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Comment Re:Short-term numbers versus long-term (Score 2, Insightful) 143

Why would you assume "a bad computer program with a dozen eyes is likely to be better than a bag of meat with only two"?

I'm not up on state of the art on computer image/object recognition but the experience I have from about 10 years ago leads me to believe that there are still challenges to be solved, especially when it comes to recognizing movements and intentions. As a driver, some of the cues I rely on include turning indicators, wheel positions, other driver/pedestrian/cyclist eye contact as well as sounds.

I'm not saying that the challenge of coming up with software that allows a car to autonomously drive itself better than a human isn't possible. I just challenge the assertion that a computer with multiple cameras is likely superior to a human.

Comment Re:Good idea, bad name (Score 1) 143

Agreed. If I bought a car with a feature called "autopilot", I would think I would be comfortable taking a snooze (or watching a Harry Potter movie) while the car did the driving for me. I am really surprised they haven't dropped the name "autopilot" as it is totally misleading and something that has been pointed out repeatedly. I suspect that there are egos involved in the decision not to change the name.

Or, maybe, they think their software is close enough to achieve certification for totally taking over responsibility for driving the car that they think that can weather this storm and keep the name for the big roll out.

Comment Still not enough data. (Score 1) 143

A crash rate of 1.3/ million miles and having 130 million miles of data means that there has been about 170 crashes.

I'm guessing accidents range from minor fender-benders (although with cars of today, a "minor" fender bender costs $2k+) to the fatal accident.

I would like to know where this 40% reduction takes place in the accident spectrum ? Does this mean that there are much fewer fender benders or fewer accidents which resulted in personal injuries?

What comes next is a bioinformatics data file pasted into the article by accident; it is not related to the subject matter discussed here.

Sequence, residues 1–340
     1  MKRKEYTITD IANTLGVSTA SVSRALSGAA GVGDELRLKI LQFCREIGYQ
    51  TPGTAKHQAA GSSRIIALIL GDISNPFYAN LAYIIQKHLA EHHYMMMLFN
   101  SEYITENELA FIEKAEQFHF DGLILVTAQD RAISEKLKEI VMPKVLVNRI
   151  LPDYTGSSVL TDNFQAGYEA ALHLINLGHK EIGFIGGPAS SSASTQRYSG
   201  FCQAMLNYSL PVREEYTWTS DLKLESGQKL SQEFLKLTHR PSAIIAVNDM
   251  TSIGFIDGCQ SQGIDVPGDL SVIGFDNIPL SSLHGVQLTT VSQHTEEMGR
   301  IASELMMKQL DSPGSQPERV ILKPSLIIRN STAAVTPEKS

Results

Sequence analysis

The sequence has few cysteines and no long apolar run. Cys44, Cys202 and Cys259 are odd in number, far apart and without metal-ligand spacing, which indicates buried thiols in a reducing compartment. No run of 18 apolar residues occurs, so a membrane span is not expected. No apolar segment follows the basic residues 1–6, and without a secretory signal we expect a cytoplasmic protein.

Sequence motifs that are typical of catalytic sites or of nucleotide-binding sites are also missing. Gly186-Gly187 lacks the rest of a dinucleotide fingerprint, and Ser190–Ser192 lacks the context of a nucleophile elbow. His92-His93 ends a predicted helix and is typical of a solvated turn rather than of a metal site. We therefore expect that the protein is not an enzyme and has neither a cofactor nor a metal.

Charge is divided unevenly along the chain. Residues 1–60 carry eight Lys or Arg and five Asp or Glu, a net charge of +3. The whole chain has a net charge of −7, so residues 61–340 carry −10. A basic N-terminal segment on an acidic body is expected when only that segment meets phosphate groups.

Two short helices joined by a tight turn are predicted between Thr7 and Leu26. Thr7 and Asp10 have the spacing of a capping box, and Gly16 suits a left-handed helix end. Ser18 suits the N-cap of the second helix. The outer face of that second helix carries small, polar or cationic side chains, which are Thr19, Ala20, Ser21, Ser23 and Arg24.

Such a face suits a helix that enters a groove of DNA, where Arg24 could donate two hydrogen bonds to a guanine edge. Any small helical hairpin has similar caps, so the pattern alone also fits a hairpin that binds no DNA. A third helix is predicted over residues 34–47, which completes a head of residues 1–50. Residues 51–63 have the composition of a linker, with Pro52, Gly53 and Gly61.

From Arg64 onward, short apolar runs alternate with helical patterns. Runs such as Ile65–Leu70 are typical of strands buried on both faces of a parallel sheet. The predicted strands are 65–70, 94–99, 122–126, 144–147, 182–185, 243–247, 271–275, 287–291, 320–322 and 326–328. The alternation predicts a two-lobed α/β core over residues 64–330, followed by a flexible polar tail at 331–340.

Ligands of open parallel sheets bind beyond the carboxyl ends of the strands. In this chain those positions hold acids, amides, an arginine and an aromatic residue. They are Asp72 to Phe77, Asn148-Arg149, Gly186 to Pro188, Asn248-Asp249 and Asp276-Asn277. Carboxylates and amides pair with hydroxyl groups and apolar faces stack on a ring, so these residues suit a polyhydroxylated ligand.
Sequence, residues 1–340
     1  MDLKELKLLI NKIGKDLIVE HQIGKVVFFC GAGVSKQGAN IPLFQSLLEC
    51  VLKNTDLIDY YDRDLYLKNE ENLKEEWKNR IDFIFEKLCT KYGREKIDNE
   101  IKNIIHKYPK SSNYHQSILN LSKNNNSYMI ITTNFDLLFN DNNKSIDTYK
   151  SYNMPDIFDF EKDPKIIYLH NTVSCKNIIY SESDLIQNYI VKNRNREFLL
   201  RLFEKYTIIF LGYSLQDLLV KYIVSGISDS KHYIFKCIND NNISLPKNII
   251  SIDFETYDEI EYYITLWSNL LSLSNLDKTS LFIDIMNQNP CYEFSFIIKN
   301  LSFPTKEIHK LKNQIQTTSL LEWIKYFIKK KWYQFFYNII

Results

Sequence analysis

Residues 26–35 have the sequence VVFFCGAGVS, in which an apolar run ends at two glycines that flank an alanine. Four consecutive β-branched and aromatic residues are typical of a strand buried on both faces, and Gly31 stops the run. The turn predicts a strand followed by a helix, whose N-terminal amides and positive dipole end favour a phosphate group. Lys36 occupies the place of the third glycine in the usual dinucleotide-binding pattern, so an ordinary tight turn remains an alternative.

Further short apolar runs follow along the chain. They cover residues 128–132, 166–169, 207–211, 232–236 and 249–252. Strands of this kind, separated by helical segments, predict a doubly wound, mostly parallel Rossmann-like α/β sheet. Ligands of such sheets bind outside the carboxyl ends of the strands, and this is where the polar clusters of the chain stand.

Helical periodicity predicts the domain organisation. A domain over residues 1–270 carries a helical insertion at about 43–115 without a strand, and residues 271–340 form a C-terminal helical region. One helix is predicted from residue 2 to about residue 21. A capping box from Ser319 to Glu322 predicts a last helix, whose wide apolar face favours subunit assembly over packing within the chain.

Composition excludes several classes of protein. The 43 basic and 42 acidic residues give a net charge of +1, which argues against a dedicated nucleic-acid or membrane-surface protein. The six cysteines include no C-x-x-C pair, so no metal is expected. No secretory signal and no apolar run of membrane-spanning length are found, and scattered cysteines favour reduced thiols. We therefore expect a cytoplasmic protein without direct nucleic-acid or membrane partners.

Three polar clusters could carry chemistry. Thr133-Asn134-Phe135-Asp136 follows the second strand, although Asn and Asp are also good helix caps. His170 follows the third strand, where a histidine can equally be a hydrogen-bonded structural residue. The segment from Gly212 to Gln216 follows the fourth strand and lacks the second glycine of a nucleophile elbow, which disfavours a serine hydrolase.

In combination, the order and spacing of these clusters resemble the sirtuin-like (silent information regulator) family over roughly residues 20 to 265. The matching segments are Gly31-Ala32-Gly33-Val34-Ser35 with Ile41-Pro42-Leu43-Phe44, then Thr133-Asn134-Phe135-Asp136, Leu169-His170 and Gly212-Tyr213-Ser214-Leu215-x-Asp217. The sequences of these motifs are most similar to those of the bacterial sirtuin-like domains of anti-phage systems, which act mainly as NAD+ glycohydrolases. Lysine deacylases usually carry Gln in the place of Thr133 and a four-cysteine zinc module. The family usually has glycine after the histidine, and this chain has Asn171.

If it's at the lower end of the range then big whoopdie fucking do - if it results in fewer injuries (and I would guess this would be significantly more than 40%) then it's something to look into and see if this improvement can be brought to other manufacturer's cars (and trucks).

Submission + - Ask Slashdot: Should Commercial Software Prices Be Pegged To A Country's GDP?

dryriver writes: Commercial software — as opposed to free open source software — frequently creates the following dilemma: A software X that costs 2,000 Dollars may be perfectly affordable for someone in America, Germany, Switzerland or Japan. The price is "normal" and the software pays for itself after Y weeks or months of use. When the same software X is also sold for 2,000 Dollars in Egypt, Mali, Bangladesh or Sudan, the situation is the opposite — the price is "far too high" and the software will NOT pay for itself after Y weeks or months of use. So here is an interesting idea: Why don't software makers look at the average income level in a given country — per capita GDP for example — and adjust their software prices in these countries accordingly? Most Software makers in the U.S. and EU currently insist on charging the full U.S. or EU price in much poorer countries. "Rampant piracy" and "low sales" is often the result in these countries. Why not change this by charging lower software prices in less wealthy countries?

Submission + - Mozilla Releases The Internet Health Report, An Open-Source Document

Krystalo writes: Fresh off its brand redesign, Mozilla has released The Internet Health Report, an open-source initiative to document the state of the internet, combining research and reporting from multiple sources. The report, which will be improved and expanded throughout the year, covers five key topics: decentralization, digital inclusion, open innovation, privacy and security, and web literacy.

Submission + - Microsoft rolls out Clear Linux for Azure instances (networkworld.com)

JG0LD writes: Microsoft announced today that it has added support for the Intel-backed Clear Linux distribution in instances for its Azure public cloud platform. It’s the latest in a lengthy string of Linux distributions to become available on the company’s Azure cloud.

Submission + - Meet Kubo, the robot that teaches kids to code (techcrunch.com)